As for the question about racism in the doctrines and practices of the Mormon Church, your indignant comments fly in the face of the facts. For the last century and a half the Mormon Church has preached a message of racial inequality based on the theory that God has “cursed” certain people with dark skin. As you well know, this curse applies both to blacks and those of “Lamanite” descent, although for different reasons. To make my point I’ll focus just on the
an class="Apple-style-span" style="font-size:medium;">Lamanites.
THE BOOK of Mormon says God “cursed” theLamanites (whom Joseph Smith alleged were originally white-skinned Palestinian Jews from the family of Laman, son of Lehi, who settled in the New World around the year 600 B.C.) in retaliation for their sins by turning them into Indians with dark skin and hair (1 Nephi 12:23; 2 Nephi 5:21-24; Jacob 3:3-5; Alma 3:6; Mormon 5:15).
The Mormon Church teaches that theLamanites were the forerunners of North American Indians as well as of Mexicans and other Latin Americans. These are described in the Book of Mormon in unflattering terms: “dark,” “filthy,” “abominable,” “loathsome,” “idle,” “wicked,” “sorely cursed with skins of darkness,” and “beyond the description of that which hath ever been amongst us.”
If this weren’t enough to demonstrate that the Church of Jesus Christ of Latter-Day Saints teaches that certain races are inferior because of the color of their skin (isn’t that the definition of racism?), please recall that the Book of Mormon repeatedly emphasizes the notion that white skin is “pure anddelightsome” and that brown skin is “filthy and loathsome.”
TO BE FAIR, I should mention that the Mormon Church does hold out hope to Indians, Mexicans, and all those who have been tainted by theLamanite curse. The Book of Mormon explains that “Lamanitish” people who accept the Mormon gospel can hope to have their skins turned white.
In Jacob 3:8 the white-skinnedNephites are warned about the wages of sin: “O my brethren, I fear that unless ye shall repent of your sins that their [the Lamanites‘] skins will be whiter than yours, when ye shall be brought with them before the throne of God.” If you need more convincing about this issue see also 3 Nephi 2:15, 2 Nephi 30:6, and Alma 23:18.
Notice that I quote from the Book of Mormon–I’m not sneaking in “obscure comments,” although I could have quoted zillions of ’em, and you know it, from “obscure” Mormon leaders such as the prophets Joseph Smith and Brigham Young, plus Bruce R.McConkie and Mark E. Peterson, both former members of the Quorum of the Twelve Apostles.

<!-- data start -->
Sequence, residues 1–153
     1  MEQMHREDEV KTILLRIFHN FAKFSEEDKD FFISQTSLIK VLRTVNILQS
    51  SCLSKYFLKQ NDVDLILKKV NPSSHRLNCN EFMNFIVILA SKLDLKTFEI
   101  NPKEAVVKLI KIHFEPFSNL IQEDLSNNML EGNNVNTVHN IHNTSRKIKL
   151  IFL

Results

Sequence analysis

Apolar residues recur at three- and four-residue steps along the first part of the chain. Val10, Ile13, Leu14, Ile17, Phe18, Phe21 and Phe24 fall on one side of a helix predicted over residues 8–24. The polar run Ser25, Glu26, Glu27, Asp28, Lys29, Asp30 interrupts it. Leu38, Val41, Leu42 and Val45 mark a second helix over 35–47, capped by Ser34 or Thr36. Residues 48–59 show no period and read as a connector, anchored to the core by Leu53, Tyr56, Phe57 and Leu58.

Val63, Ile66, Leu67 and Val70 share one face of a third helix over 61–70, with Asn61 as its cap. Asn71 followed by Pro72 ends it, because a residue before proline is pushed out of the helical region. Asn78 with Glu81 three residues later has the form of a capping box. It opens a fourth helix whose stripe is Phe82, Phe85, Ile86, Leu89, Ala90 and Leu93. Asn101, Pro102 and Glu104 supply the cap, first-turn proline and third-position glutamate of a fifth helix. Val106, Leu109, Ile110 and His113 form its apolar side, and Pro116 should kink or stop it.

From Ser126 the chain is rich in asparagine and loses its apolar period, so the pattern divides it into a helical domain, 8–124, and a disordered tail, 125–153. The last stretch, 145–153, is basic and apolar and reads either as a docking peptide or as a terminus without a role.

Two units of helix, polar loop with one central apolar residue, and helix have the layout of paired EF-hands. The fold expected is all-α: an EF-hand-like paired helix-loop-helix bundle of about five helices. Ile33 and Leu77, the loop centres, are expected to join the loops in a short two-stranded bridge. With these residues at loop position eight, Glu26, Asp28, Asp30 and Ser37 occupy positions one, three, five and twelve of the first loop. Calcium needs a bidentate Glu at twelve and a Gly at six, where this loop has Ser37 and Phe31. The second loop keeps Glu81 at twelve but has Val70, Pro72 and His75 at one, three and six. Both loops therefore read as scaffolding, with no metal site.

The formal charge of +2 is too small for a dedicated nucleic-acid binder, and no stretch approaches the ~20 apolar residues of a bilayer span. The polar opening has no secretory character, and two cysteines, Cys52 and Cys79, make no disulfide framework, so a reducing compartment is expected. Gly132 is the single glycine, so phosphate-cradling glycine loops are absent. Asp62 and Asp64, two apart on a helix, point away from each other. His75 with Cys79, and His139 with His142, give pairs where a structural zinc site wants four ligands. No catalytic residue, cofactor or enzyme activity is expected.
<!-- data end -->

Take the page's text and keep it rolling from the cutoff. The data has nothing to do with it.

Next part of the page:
Truth or consequences, Robert. Do you believe God “cursed” people by giving them dark skin, or don’t you? The ramifications of your answer seem agonizingly clear: If you don’t believe it, you deny an explicit teaching of the Book of Mormon and over 150 years of official Mormon doctrine promulgated by prophets, apostles, and general authorities. If you do believe God curses some people with dark skin, you’ll have a hard time convincing people Mormon theology isn’t racist. . . . (continue reading)
That’s only one of several provocative questions raised, presumably by an Evangelical Protestant, on this new 3-minute video clip. If nothing else, it illustrates the kind of dense — don’t bother me with the facts! — kind of mentality we “Catholic Apologists” (and you know who you are, Steve Ray, Scott Hahn, Tim Staples, Jim Burnham, Mark Shea, John Salza, Father Mitch Pacwa, and the rest of you) have to deal with, from time to time. I won’t bother to try rebutting these claims. It’s enough to see them leveled with a presumably straight face in public and to know the sad truth, exemplified in this video, of our Lord’s words in Matthew 13:15.
Catholic apologists don’t represent “real” Catholicism.The Catholic Church and the Orthodox Churches are the “same” and “believe the same things.”The Catholic Church has oral traditions that came before the Bible and are authoritative.I like the part where he claims that “We [Protestants] have no canon other than the Bible itself . . . No one has produced any transcript or recording of any definitive ‘oral tradition.'” [NB: That is particularly interesting because the canon of Scripture is itself a Tradition and is not explicitly mentioned by Scripture.][Catholic apologists’] hate-filled rhetoric comes at a time when Evangelicals are most willing to discuss issues.”“Catholic apologist = hate-filled liar. That’s just the sad fact.”
I just finished watching the video of a public debate recently held in England on the proposition: “The Catholic Church is a Force for Good in the World.” As a Catholic who ardently believes in the truth of that proposition, this was an exchange that was not pleasant to watch. There was so much at stake vis-a-vis public opinion that was swayed in the wrong direction as a result. It could have had a much different outcome.
Rule 1: Don’t be afraid
to fight the good fight, but understand that, nowadays, it may become a street-fight.Rule 2: If you’re going to street-fight, you had better know how to street fight.Rule 3: Always adhere to the Pell Protocol — If you’re going fight, fight to win.
Peter Kreeft, Benjamin Wiker, Robert George, Dinesh D’Souza (who has debated Christopher Hitchens quite effectively many times), Helen Alvare, Alan Keyes, Father John Corapi, or Dr. Scott Hahn. There are other worthy contenders, to be sure, but these folks are an excellent start.